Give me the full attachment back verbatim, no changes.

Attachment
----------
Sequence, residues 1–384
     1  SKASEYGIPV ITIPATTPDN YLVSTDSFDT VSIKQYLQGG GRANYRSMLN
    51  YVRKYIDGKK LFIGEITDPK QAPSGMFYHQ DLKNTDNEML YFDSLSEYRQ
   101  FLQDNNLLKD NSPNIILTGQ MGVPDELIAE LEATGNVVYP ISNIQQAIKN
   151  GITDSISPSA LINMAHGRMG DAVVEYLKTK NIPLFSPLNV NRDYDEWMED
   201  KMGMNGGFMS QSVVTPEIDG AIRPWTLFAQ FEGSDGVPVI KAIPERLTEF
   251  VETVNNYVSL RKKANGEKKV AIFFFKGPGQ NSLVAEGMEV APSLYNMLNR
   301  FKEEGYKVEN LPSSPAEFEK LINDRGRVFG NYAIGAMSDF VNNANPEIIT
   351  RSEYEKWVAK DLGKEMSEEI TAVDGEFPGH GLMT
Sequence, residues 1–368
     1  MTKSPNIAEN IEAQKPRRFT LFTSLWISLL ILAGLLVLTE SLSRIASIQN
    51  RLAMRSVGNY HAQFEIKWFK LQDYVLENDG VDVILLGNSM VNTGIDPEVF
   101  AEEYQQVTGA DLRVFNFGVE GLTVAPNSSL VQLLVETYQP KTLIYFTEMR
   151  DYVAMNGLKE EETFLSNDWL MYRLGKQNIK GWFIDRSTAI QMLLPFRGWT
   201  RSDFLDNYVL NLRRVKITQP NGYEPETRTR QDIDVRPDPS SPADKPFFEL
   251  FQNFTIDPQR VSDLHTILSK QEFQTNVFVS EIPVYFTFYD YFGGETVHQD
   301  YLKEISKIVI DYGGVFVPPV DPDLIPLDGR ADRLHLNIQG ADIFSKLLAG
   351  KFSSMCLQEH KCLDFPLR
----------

Sequence, residues 1–384
     1  SKASEYGIPV ITIPATTPDN YLVSTDSFDT VSIKQYLQGG GRANYRSMLN
    51  YVRKYIDGKK LFIGEITDPK QAPSGMFYHQ DLKNTDNEML YFDSLSEYRQ
   101  FLQDNNLLKD NSPNIILTGQ MGVPDELIAE LEATGNVVYP ISNIQQAIKN
   151  GITDSISPSA LINMAHGRMG DAVVEYLKTK NIPLFSPLNV NRDYDEWMED
   201  KMGMNGGFMS QSVVTPEIDG AIRPWTLFAQ FEGSDGVPVI KAIPERLTEF
   251  VETVNNYVSL RKKANGEKKV AIFFFKGPGQ NSLVAEGMEV APSLYNMLNR
   301  FKEEGYKVEN LPSSPAEFEK LINDRGRVFG NYAIGAMSDF VNNANPEIIT
   351  RSEYEKWVAK DLGKEMSEEI TAVDGEFPGH GLMT
Sequence, residues 1–368
     1  MTKSPNIAEN IEAQKPRRFT LFTSLWISLL ILAGLLVLTE SLSRIASIQN
    51  RLAMRSVGNY HAQFEIKWFK LQDYVLENDG VDVILLGNSM VNTGIDPEVF
   101  AEEYQQVTGA DLRVFNFGVE GLTVAPNSSL VQLLVETYQP KTLIYFTEMR
   151  DYVAMNGLKE EETFLSNDWL MYRLGKQNIK GWFIDRSTAI QMLLPFRGWT
   201  RSDFLDNYVL NLRRVKITQP NGYEPETRTR QDIDVRPDPS SPADKPFFEL
   251  FQNFTIDPQR VSDLHTILSK QEFQTNVFVS EIPVYFTFYD YFGGETVHQD
   301  YLKEISKIVI DYGGVFVPPV DPDLIPLDGR ADRLHLNIQG ADIFSKLLAG
   351  KFSSMCLQEH KCLDFPLR